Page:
Many people fail to realize that drug and alcohol addiction go hand in hand with mental illness, which is known as a Dual Diagnosis. What usually happens is that someone with a mental illness will seek non-medicinal, self-destructive ways to quiet their mind. To make sense out of the confusion caused by an inability to control their own moods and behaviors, those with mental illness often pursue maladaptive ways to deal with their daily lives. Their coping mechanisms can take the form of binge eating, sexual promiscuity, cutting or self mutilation. Of course, the mentally ill person, completely unaware of their own illness, will also find comfort in the use of drugs and alcohol. This inevitably leads to substance abuse and all the devastating consequences that accompany it.
According to The National Institute on Drug and Alcohol Abuse (NIDA), co-morbidity –also known as dual diagnosis –is when “two or more disorders or illnesses occurring in the same person.” This means someone with Bi-polar Disorder, Paranoid Schizophrenia or Depression will also possess the disease of addiction or alcoholism. Unfortunately, substance abusers with a mental illness often go years before being properly treated as a person with a dual diagnosis. Because the addiction is so prevalent and obviously devastating, mental and emotional problems go undetected.
Here are some interesting statistics about Dual Diagnosis:
- The Substance Abuse and Mental Health Services Administration reports that 8.9 million people have co-occurring disorders; that is they have both a mental and substance abuse disorder.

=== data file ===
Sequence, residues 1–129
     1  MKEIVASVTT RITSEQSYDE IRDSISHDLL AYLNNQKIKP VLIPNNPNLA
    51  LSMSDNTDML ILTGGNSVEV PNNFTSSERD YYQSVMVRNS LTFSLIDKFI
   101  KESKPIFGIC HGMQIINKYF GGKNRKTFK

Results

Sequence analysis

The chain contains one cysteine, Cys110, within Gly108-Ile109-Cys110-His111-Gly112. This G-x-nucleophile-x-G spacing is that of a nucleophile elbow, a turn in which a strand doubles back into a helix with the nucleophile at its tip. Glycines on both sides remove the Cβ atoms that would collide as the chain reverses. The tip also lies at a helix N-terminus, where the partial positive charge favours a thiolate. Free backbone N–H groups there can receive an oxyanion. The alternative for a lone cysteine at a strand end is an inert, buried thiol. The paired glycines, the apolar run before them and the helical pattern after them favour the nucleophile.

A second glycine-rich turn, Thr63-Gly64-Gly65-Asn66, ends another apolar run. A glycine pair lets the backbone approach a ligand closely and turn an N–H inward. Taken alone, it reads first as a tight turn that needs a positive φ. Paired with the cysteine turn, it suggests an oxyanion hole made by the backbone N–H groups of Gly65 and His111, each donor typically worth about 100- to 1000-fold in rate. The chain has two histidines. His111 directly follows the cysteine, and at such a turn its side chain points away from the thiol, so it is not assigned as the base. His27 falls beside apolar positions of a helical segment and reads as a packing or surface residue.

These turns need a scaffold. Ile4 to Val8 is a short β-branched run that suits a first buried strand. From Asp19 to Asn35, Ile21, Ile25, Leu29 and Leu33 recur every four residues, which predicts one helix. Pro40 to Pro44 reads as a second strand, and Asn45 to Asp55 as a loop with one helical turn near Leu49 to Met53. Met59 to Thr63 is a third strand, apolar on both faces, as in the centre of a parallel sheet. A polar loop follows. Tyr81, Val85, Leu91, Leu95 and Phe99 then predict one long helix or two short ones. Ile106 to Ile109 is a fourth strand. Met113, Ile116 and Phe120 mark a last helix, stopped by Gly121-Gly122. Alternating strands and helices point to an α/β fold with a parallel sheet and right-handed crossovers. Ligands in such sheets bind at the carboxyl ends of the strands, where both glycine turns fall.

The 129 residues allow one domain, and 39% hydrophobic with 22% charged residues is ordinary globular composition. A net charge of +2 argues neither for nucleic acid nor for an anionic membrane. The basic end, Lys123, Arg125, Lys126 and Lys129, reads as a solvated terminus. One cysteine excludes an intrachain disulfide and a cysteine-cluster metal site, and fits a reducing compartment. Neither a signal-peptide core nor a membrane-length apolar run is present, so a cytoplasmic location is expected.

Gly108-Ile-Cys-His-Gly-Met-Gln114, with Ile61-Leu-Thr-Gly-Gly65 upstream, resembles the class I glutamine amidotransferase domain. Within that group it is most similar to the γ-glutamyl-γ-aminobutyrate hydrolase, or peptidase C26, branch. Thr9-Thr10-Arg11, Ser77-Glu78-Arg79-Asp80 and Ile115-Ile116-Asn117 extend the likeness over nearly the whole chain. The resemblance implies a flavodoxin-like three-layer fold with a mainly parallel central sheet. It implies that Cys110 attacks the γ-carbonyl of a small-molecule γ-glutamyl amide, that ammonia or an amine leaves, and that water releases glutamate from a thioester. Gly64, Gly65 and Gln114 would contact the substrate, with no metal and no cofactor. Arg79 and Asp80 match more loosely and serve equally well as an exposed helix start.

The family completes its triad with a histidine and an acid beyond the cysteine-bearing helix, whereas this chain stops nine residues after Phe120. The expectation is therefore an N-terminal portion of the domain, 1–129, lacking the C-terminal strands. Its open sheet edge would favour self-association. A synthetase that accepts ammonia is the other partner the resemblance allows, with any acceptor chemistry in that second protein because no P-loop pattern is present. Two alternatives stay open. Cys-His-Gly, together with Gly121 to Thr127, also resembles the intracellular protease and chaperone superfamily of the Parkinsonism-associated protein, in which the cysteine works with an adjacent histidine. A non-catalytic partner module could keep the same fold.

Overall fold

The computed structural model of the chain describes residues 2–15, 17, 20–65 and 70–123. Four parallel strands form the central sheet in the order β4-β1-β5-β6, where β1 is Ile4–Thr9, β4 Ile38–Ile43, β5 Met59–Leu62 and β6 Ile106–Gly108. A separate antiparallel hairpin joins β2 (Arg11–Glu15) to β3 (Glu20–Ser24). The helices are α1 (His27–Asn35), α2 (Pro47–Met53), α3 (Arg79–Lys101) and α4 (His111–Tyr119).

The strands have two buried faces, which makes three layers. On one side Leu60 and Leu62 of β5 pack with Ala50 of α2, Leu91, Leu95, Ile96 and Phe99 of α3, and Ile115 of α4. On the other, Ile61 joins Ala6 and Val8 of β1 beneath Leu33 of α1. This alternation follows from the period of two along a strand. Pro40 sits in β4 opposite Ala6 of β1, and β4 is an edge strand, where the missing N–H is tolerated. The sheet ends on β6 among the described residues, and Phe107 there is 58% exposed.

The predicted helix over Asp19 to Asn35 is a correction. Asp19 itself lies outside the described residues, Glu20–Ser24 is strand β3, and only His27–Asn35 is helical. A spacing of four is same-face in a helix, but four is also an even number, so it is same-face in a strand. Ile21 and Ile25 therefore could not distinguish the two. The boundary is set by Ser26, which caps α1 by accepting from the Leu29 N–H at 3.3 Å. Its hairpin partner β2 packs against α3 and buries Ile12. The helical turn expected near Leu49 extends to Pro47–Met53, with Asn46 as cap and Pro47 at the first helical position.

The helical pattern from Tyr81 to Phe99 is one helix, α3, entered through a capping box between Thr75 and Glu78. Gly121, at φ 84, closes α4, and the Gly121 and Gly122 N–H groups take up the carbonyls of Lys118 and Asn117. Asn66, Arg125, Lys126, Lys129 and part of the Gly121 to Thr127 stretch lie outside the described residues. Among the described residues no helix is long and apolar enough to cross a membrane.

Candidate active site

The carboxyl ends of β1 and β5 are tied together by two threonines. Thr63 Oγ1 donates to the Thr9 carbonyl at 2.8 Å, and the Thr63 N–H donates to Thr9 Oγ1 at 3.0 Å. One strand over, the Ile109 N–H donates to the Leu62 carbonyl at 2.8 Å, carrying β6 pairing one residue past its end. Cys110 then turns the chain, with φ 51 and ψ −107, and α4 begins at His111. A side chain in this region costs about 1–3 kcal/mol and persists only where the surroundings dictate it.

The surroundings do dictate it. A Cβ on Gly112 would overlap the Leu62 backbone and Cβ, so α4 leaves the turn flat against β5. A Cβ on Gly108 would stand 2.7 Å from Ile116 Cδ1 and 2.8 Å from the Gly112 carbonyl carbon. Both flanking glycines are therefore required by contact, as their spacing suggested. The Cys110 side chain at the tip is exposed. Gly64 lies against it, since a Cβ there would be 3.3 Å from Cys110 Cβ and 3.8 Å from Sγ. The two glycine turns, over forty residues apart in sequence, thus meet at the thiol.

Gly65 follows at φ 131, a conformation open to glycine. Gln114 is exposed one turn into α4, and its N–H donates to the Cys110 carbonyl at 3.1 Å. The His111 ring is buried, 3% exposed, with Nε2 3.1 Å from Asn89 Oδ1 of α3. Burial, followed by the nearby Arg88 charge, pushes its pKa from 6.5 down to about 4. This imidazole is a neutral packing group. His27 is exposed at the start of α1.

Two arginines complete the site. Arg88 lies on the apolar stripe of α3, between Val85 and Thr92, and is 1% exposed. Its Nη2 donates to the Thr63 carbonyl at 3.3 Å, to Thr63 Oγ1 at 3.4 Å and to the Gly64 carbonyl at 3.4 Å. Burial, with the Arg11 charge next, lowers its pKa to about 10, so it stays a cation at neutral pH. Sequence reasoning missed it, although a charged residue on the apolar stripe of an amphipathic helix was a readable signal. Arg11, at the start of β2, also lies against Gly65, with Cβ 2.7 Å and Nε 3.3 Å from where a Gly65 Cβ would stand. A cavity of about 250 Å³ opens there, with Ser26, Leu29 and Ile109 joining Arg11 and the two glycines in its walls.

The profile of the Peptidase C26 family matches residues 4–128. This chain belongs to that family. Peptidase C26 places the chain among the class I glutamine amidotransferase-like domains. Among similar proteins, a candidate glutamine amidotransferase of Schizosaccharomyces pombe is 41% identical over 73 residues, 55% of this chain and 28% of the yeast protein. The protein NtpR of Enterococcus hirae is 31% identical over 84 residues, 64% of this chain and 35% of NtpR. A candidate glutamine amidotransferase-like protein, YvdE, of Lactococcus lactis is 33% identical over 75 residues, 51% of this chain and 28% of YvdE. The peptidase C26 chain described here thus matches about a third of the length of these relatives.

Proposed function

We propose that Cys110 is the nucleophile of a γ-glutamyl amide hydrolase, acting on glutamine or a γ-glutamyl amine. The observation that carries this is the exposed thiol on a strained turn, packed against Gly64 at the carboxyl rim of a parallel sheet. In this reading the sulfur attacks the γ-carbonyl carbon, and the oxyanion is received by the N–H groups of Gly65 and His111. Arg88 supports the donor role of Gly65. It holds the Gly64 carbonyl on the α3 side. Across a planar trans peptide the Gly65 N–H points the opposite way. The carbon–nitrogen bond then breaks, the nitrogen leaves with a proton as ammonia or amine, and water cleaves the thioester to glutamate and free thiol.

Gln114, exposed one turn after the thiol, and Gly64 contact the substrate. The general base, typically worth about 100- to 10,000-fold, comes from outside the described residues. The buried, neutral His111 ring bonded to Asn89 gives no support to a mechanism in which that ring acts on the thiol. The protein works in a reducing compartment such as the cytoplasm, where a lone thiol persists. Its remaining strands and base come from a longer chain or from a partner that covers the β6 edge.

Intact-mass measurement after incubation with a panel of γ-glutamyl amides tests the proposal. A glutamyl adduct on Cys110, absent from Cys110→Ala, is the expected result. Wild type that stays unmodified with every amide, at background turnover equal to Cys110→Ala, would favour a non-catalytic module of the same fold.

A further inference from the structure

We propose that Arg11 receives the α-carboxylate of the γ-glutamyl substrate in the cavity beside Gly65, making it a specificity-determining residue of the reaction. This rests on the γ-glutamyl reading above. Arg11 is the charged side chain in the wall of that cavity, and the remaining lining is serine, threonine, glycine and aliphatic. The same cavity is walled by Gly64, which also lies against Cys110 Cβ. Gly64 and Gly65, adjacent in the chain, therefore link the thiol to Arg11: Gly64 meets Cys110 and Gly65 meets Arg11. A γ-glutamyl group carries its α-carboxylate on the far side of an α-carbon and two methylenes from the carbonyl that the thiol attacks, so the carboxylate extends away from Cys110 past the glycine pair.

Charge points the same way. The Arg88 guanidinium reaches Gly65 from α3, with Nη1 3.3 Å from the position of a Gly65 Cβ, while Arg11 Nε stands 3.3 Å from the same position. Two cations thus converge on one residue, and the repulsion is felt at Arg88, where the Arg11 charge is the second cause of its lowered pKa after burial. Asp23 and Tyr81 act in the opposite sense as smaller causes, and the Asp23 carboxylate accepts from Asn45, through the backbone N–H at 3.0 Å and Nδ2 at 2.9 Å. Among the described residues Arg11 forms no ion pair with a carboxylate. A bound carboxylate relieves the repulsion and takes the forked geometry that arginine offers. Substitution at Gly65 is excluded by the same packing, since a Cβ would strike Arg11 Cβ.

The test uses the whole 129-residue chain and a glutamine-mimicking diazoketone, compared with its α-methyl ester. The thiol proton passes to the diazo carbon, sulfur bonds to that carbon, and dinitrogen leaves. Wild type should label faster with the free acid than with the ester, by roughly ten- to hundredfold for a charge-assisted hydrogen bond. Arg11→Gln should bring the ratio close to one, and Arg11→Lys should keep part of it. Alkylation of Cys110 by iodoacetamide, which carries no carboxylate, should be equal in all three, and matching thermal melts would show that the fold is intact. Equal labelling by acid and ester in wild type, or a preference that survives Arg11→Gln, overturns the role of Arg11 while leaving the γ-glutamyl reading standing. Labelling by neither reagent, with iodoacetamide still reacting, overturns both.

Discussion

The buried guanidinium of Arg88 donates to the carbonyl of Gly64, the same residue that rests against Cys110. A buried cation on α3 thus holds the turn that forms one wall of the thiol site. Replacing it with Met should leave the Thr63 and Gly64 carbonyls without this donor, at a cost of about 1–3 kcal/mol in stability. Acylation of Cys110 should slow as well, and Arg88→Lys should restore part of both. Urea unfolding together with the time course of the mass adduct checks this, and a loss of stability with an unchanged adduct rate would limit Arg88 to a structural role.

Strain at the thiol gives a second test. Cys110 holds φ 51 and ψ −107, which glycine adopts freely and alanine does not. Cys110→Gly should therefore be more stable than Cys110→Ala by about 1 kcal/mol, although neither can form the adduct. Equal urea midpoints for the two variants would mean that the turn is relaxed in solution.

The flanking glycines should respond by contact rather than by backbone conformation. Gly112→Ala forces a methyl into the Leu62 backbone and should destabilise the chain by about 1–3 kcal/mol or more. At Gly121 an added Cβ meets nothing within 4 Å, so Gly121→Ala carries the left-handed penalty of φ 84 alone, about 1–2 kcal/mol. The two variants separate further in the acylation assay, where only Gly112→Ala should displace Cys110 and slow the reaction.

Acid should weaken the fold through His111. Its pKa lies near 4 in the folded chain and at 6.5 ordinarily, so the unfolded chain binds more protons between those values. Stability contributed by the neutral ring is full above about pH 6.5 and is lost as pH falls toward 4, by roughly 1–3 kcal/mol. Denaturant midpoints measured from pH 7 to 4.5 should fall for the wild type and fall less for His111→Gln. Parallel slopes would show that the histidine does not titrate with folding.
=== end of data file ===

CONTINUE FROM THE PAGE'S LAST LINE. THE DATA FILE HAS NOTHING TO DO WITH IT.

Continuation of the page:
- There are more than 46 million adults in the U.S. with some type of mental illness.
- More than 2.8 million adults who have what is considered a serious mental illness also had a substance dependence. That means 26 percent of all adults with serious mental illness were also addicted to drugs or alcohol.Among the 2.8 million adults with a dual diagnosis, 62 percent received substance use or mental health treatment and 38 percent did not receive any treatment.
- More than 9.8 million adults with any kind of mental illness were also substance users, meaning 19.7 percent of all adults with a mild or moderate mental illness were addicted to a mood or mind-altering substance.
When a mental illness goes untreated, and only the problem of addiction is addressed, a person with a dual diagnosis is only fighting half the battle. In order to ensure a successful, happy and productive life for someone with a mental illness and a substance abuse problem, both issues must be properly and thoroughly treated.
All too often, people with a mental disease or defect have a genuine desire to stay clean and experience recovery, but find it almost impossible to achieve sobriety. This is because the symptoms of their mental illness cause them so much discomfort, they return again to their drug of choice to find relief. Without proper care, mentally ill people are often doomed to a lifetime of misery caused by their substance abuse.
There is no shame in having a mental illness or mood disorder. Afflictions that affect the brain are just as real as those that affect the body –like diabetes, or cancer, for instance. Likewise, a mental illness is beyond the control of the person who has it and should never be viewed as a weakness or moral deficiency. If you’ve been struggling to stay clean for years, and have been unable to do so, you may need to see a mental health professional to determine whether you have an underlying problem that has not been treated.
The good news is; there is help for those with a dual diagnosis. The proper medication, coupled with counseling and continued support, can do wonders for someone with a mental illness who has suffered from years of substance abuse. Those who once felt completely hopeless because of their inability to stay sober will soon learn serenity comes with the proper diagnosis. Understanding the condition that feeds the addiction will help shed light on the overall problem and allow for a lasting solution.